How much is a broadband customer worth to an ISP? A shade over 500 bucks, it seems.
That, roughly speaking, is what WA-based iiNet CEO Michael Malone has agreed to pay NZ Telecom for the 115,000 Internet subscribers of its Australian subsidiary AAPT. IiNet late last week made a successful $60 million bid for AAPT’s consumer customers, heading off any alternative bid from David Teoh’s TPG group.
IiNet also scores a claimed 230,000 AAPT voice customers, but – given the rapidly declining revenues from fixed-line voice – these are very much the lesser part of the deal.
Malone sets great store by the numbers, which add to his existing 530,000 broadband subscribers, and put him handily ahead of TPG as Australia’s No. 3 ISP.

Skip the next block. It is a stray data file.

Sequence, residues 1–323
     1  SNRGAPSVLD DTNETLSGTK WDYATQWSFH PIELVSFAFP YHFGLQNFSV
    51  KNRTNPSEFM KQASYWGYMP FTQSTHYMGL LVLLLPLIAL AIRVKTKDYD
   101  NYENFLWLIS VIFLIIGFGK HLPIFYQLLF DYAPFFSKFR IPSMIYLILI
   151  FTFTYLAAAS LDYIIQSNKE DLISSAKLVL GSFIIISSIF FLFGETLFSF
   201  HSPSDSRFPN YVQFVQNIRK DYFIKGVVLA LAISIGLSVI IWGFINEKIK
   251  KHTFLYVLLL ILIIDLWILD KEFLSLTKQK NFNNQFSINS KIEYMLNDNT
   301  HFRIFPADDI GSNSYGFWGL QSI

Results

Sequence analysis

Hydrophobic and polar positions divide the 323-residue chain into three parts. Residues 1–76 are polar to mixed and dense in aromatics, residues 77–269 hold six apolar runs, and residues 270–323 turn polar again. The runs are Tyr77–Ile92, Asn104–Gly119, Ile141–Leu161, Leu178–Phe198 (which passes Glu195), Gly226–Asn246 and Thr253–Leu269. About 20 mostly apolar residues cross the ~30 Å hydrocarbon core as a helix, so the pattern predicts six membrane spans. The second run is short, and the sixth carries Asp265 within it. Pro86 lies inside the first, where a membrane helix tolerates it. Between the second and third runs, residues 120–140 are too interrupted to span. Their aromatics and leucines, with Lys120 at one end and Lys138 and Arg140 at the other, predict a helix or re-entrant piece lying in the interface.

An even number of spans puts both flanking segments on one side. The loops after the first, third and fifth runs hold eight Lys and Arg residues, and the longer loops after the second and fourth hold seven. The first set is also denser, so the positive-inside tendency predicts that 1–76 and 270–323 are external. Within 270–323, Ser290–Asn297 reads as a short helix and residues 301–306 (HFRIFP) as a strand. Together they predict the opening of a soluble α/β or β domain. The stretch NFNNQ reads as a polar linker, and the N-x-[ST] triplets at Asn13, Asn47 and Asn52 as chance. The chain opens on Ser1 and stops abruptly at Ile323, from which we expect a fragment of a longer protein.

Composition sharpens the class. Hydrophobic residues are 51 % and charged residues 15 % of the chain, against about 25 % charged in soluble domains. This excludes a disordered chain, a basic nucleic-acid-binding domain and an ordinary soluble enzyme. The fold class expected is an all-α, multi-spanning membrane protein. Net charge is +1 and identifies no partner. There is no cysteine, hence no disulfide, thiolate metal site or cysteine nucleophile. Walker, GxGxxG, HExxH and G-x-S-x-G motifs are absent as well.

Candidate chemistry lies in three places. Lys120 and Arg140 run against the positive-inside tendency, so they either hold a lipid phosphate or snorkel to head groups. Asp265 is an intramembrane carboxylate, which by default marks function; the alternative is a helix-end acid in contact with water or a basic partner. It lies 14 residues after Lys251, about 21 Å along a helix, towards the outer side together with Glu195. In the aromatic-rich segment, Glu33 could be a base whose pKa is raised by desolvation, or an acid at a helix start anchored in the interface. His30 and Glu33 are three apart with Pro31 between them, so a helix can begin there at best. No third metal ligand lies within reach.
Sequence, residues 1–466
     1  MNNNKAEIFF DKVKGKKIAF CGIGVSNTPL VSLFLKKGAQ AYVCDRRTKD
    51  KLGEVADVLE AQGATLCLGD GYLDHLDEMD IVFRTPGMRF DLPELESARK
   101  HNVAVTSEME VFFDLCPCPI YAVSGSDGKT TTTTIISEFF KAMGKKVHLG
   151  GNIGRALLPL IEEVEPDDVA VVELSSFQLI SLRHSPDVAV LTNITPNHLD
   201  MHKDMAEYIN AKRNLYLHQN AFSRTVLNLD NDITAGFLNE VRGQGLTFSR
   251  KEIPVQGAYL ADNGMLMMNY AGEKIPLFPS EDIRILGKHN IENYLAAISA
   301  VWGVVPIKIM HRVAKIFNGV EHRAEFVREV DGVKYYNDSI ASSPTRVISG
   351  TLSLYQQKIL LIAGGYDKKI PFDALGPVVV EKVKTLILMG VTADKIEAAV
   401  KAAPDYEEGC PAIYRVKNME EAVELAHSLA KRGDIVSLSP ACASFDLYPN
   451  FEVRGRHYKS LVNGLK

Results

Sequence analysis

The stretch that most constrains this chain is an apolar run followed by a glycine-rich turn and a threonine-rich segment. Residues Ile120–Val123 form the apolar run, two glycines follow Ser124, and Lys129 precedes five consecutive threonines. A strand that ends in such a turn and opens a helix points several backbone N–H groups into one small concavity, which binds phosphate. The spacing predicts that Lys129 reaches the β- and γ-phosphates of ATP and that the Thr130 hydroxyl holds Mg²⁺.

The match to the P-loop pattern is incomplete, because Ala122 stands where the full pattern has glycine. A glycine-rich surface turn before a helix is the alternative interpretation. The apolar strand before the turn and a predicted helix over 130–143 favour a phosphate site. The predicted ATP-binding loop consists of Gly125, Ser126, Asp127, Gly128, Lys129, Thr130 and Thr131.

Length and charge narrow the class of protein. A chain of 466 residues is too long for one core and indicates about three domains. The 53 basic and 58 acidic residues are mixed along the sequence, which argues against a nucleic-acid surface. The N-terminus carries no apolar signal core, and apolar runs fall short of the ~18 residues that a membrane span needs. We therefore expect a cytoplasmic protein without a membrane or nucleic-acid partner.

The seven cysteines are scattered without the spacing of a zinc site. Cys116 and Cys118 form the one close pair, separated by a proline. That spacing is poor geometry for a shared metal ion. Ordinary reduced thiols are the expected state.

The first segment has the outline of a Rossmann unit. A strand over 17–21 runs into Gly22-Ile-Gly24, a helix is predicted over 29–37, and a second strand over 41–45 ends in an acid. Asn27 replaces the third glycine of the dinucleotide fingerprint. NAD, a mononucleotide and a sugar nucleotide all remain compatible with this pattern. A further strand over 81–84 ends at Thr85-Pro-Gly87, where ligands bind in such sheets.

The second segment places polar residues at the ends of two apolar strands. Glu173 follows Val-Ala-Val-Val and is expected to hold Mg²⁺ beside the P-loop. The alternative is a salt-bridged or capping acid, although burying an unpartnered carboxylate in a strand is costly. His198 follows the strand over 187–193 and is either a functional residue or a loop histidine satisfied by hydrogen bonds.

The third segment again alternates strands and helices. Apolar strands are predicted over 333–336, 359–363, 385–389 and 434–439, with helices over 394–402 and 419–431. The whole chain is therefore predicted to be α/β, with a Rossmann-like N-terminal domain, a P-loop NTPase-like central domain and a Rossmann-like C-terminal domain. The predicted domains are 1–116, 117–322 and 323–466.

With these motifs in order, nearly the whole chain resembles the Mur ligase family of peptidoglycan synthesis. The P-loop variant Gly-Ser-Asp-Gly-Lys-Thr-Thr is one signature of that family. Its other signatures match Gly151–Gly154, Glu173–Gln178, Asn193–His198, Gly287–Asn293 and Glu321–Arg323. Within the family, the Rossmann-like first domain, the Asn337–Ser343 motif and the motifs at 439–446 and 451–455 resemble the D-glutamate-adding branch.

But he may face problems in hanging on to them: many were wooed by AAPT’s “unlimited” data downloads offerings, which Malone may not be eager to match when they come up for renewal.
– Footnote: somebody needs to tell IDG’s Computerworld Australia to calm down. Getting a tad excited by the AAPT-iiNet deal, Computerworld at the weekend declared that iiNet had now overtaken Optus as Australia’s No. 2 ISP.
Really? Well, not quite, at least as CDN reads the figures. Optus had 920,000 fixed broadband customers at March 21, along with 907,000 wireless broadband subscribers, according to the SingTel annual report, We make that something like 1.82 million Internet subscribers, compared with iiNet’s 645,000, post the AAPT acquisition. – Ed.